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Does Collecting Make You Feel Dirty?
An Anniversary, Ms. Havisham Style
Well, this journal has made it to another year. This is my sixth anniversary here. But it's also the most bittersweet, since many of the friends I looked forward to reading have abandoned the site and others only post infrequently. As a measure of how things have changed, I almost went back and changed that "here" in the second sentence to "there," since most of the comments I get these days come indirectly, via the "notes" I import from Live Journal into Facebook. Sigh. It depresses me, because there are many things about LJ that I still dig, despite its many problems, from the ease with which concentric circles of friendship -- intimate to casual -- can be managed to the comment threading that still makes Facebook's implementation seem ridiculously lame. And I say all that despite a pretty strong hunch that my life would have gone a lot better if I'd never taken the plunge into personal blogging. Anyway, here's the tally, for what it's worth: 3267 journal entries, 13,849 comments received and 11,350 comments posted. I wonder if I'll make it to 4000?

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From: e4q Date: August 31st, 2009 07:59 am (UTC) (LINK TO SPECIFIC ENTRY)
i don't know whose blogs you do comment on, but i notice you never comment on mine. perhaps you find me boring? but that means you don't get to meet people in the threads, which is how i refresh my own flist. i started off in lj with two friends, neither of whom blog now, but as people have dropped away (and in one instance actively dumped!) i have picked up new people. either in the threads of friends or the one community i do read (buddhists) or because they follow me in the same way. if you want your lj to live i think you have to be more proactive. people will drop away, and other people get involved, just like real life!
cbertsch From: cbertsch Date: August 31st, 2009 02:57 pm (UTC) (LINK TO SPECIFIC ENTRY)
Hey, I'm sorry you feel I never comment on your journal anymore. It doesn't feel that way to me, because you're certainly one of my favorite LJers, someone whom I look to for sustenance and goodwill. But my schedule has shifted over the past year or so, which means that I'm not up as late. I used to read your entries when they were freshly posted, but now often don't see them until much of my day has passed. For whatever reason, I'm less likely to comment on things that have been sitting a while. And sometimes I just don't make it down to your entries at all, because I'm spending less time on the computer and only see the first couple entries on my "Friends" page before moving on.

That said, I make it a point to comment somewhere almost every day. I have posted more comments than entries over the past year. But the social networking aspect of Live Journal seems to have passed me by, since few of my comments turn into more sustained contact. There are exceptions, of course, I've gotten to know three LJers over the past year who are among my favorite contributors. Maybe it's just that the Tucson LJ scene, into which you had a good deal of insight, has dried up, at least in terms of the connections that kept me in the loop.
From: e4q Date: August 31st, 2009 03:04 pm (UTC) (LINK TO SPECIFIC ENTRY)
oh! i am glad you still read me!

yes, it does seem that in the US livejournal was used a bit like friendster for a while, but i suppose everyone is facebooking now. on fb i get a sense of how people have used social networking sites in the past, and i do quite like it for that, i have a couple of local friends who i otherwise wouldn't be in touch with, and of course, there is the scrabble. but in general it leaves me rather cold, and i prefer the diary/penpal thing of lj. i am on a couple of ning communities, too, and i find that format quite annoying, the style of the thread here works best for me. i read other blogs on google reader, that works for me ok, though it's a faff to click through to comment, so i rarely do. my big guilty pleasure these days on the internet is tumblr. the age range is substanitally lower than my own, so there is a lot there that i find very eyerolling, but i enjoy sharing images, and find it quite inspiring, now that i am following a couple of good people.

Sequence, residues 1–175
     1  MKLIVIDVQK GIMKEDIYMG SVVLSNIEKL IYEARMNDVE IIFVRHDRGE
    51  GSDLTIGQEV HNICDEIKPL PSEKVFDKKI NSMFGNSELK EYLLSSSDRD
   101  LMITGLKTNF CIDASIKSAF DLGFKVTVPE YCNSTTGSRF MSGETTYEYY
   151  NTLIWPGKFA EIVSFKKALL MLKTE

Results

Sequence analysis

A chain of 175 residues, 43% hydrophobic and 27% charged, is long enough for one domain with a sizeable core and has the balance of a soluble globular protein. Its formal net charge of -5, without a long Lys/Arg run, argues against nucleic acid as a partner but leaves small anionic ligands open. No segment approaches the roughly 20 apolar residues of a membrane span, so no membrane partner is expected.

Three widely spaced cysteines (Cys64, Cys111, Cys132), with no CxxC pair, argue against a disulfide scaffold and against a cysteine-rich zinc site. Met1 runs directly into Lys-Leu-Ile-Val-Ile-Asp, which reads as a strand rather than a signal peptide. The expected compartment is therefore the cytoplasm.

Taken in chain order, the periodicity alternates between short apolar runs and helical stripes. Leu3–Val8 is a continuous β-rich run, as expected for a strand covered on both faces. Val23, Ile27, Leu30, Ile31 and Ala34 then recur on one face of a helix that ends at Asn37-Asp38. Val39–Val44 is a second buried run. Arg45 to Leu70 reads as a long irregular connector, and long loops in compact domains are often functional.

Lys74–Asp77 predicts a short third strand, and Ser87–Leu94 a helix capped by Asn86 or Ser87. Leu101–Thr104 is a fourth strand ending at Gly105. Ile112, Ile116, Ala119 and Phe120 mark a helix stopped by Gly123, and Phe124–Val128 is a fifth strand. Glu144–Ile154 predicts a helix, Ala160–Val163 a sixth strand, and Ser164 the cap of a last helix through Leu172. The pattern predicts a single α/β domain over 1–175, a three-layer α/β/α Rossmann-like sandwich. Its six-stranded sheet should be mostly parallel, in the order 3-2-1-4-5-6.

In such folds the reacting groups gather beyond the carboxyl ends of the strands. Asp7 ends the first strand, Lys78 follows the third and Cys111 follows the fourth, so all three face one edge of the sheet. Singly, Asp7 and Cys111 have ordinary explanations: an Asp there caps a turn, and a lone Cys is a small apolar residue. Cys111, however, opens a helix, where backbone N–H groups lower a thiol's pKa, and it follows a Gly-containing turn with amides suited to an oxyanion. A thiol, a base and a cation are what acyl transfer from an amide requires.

cbertsch From: cbertsch Date: September 1st, 2009 02:37 am (UTC) (LINK TO SPECIFIC ENTRY)
I haven't made much of a foray into tumblr yet. I don't quite get it. But that was once true of Facebook, which I refused to join until you suggested it! Oh, how I miss those days of Scrabulous. I liked the site better when I was playing all the time. I don't even know ning, come to think of it.
From: e4q Date: September 1st, 2009 07:54 am (UTC) (LINK TO SPECIFIC ENTRY)
i think there are two main user groups at tumblr, extremely young emo kids and architecture firms. it is a weird mixture. but what they both have a passion for is creating virtual sketchbooks. you don't bother friending and there is no real conversation outside of the images themselves. so if you want your own sketchbook, it's like that has two layers, stuff you made and want to have somewhere, stuff you like and would like to refer to again, and then there is the stream of who you follow, who you can 'like' or repost in your own stream if you want to. who you follow can be changed quickly. that bit is like leafing though magazines at the dentist, but without having to cough as you tear a page out.
jstgerma From: jstgerma Date: August 31st, 2009 01:25 pm (UTC) (LINK TO SPECIFIC ENTRY)
You know, it's funny, I used to read this on LJ a lot (not from the start, but probably going back four years now), but now that you post it on Facebook, for whatever reason I usually read it there. And I don't like commenting on Facebook stuff, because I'm too aware of the visibility of everything that gets said there.

It's interesting to hear you say the thing about personal blogging. I've never had nearly the complications you have, but I've often felt the same way, probably to a lesser degree.
cbertsch From: cbertsch Date: August 31st, 2009 03:02 pm (UTC) (LINK TO SPECIFIC ENTRY)